Taika Waititi / Sam Neill, Julian Dennison / Comedy / 2016 / 12A / 101mins
Comedy has been leaking from every nook and cranny in New Zealand since Flight of the Conchords became a noughties hit. Taika Waititi continues the Kiwi dominance with the short’n’sweet Hunt for the Wilderpeople.
Juvenile delinquent Ricky Baker (newcomer Julian Dennison) is dragged deep into the countryside by child services to live with new foster parents Bella (Rima Te Wiata) and Hector (Sam Neill). Miraculously, the boy turns over a new leaf under Bella’s caring wing, much to the disdain of the immutable grunt that is Hec. What goes up must come down – Bella suddenly dies and Hec tells Ricky that child services will take him away once again. But a determined Ricky goes on the run from the cops with Hec in tow.
The duo of Dennison and Neill cannot be overstated. They are beyond fantastic – their onscreen chemistry drives the heart and soul of the entire film. Neill’s durability is on show and provides a comic turn that is so unexpected. Not much an be said for the others: ‘villains’ Paula (Rachel House) and Andy (Oscar Kightley) are funny in a Three Stooges sense but little else, Rhys Darby’s compulsory cameo is funny but utterly random; no one else particularly makes their mark. Rima Te Wiata is endlessly likeable in her brief role but, as mentioned, she doesn’t stick around for long.
The three-pronged Kiwi humour attack is instant: equal parts ironic, sarcastic and deadpan. The expressionless southern cousin to awkward British humour but with a kind heart. The problem with Wilderpeople, however, is that the jokes are an overkill. Sometimes the punchlines just don’t kick, and there’s an air of disappointment that lingers like an silent fart – you know who’s done it, but you won’t mention it because it’s already awkward enough.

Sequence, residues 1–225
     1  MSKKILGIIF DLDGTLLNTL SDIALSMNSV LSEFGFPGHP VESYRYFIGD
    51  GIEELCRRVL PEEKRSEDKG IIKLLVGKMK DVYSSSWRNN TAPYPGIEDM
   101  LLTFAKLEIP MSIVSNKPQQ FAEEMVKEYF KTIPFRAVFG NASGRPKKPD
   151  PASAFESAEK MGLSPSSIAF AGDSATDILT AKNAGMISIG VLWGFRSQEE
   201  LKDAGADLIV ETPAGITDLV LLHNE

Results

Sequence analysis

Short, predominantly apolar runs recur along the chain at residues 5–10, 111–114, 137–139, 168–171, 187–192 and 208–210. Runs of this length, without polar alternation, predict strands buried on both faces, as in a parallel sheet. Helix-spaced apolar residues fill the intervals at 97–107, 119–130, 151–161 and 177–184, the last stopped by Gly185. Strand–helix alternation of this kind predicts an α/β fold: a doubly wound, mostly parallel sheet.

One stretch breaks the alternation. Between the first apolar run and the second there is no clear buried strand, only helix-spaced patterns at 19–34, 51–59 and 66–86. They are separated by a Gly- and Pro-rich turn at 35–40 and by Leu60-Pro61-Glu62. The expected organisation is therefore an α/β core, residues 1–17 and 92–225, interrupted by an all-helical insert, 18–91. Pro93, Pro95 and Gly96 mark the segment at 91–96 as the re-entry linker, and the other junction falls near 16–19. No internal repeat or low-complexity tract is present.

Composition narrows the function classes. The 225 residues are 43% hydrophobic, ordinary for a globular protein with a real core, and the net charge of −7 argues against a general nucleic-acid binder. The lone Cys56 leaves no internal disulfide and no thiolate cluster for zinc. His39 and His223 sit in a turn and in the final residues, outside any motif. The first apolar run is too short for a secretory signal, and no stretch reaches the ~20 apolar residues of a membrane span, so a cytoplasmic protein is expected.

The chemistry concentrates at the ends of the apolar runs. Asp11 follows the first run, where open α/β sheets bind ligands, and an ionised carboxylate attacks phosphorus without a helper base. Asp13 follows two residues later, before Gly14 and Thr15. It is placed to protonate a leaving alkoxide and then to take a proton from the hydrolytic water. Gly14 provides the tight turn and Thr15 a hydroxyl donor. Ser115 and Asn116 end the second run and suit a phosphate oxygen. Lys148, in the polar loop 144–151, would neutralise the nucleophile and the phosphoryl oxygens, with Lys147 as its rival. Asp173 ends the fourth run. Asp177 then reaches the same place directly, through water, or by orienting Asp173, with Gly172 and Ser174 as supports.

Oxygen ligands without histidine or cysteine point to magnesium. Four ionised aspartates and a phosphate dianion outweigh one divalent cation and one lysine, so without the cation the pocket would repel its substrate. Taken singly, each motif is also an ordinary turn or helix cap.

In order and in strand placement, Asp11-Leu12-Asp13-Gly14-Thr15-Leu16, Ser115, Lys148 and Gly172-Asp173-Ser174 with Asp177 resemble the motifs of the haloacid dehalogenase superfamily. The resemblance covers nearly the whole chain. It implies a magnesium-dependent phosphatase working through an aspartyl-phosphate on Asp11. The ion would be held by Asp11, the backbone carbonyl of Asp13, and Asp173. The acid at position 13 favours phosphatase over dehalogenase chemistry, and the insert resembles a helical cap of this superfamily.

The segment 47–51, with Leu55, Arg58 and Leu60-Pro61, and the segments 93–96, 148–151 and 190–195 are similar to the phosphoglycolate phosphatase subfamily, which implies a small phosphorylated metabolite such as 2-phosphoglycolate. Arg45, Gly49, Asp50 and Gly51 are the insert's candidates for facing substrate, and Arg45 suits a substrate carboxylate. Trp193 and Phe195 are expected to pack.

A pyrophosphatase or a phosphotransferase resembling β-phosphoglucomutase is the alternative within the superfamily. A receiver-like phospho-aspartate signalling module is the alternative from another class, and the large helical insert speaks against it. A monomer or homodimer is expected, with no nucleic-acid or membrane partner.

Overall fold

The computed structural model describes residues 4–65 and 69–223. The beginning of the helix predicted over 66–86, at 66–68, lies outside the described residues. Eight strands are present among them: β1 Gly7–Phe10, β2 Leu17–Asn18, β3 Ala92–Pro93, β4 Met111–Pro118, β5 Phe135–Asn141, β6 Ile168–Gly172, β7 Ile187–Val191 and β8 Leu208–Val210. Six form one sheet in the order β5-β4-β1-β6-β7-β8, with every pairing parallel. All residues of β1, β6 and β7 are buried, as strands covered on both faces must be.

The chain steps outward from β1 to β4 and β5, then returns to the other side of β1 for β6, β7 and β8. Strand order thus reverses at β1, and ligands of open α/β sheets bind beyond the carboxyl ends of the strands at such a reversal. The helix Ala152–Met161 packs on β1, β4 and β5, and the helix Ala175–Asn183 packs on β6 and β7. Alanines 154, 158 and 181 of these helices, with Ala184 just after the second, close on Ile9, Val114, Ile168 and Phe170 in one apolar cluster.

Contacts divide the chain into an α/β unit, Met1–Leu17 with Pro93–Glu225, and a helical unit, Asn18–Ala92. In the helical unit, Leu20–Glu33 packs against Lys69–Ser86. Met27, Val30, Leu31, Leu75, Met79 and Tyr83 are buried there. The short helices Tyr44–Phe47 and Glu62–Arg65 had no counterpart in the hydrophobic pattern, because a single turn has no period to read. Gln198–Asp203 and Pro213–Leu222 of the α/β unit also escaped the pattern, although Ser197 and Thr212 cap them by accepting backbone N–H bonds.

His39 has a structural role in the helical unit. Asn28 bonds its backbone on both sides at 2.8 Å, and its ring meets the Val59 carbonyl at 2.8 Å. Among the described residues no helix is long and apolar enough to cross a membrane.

What is so endearing about Wilderpeople is that it has that Spielbergian comradery that is surprisingly rare nowadays. An innocence and flair that makes you believe in the characters (let alone mere empathy) and a world that is reachable to ours. On the other hand, the film does stumble to an end. It’s like they ran out of ideas, so decided to go hell for leather. I bet the pre-production brainstorm was a sight to behold when ‘police chase’ entered the mix. Nothing much makes sense, but that’s half the fun.
Waititi is incredibly similar in style to Edgar Wright, utilising pop imagery, zooms, quick editing and so on. Regardless of the comparisons, it’s a quirky style that works especially well with this kind of content.
Hunt for the Wilderpeople is not overcooked in the slightest. A Goldilocks of comedy craftsmanship that anyone and everyone will enjoy. Overall, an excellent feature from the young Waititi.
Film as a Film – 3 / Target Audience – 4 / General Audience – 4
Hunt For The Wilderpeople is available on DVD and On Demand
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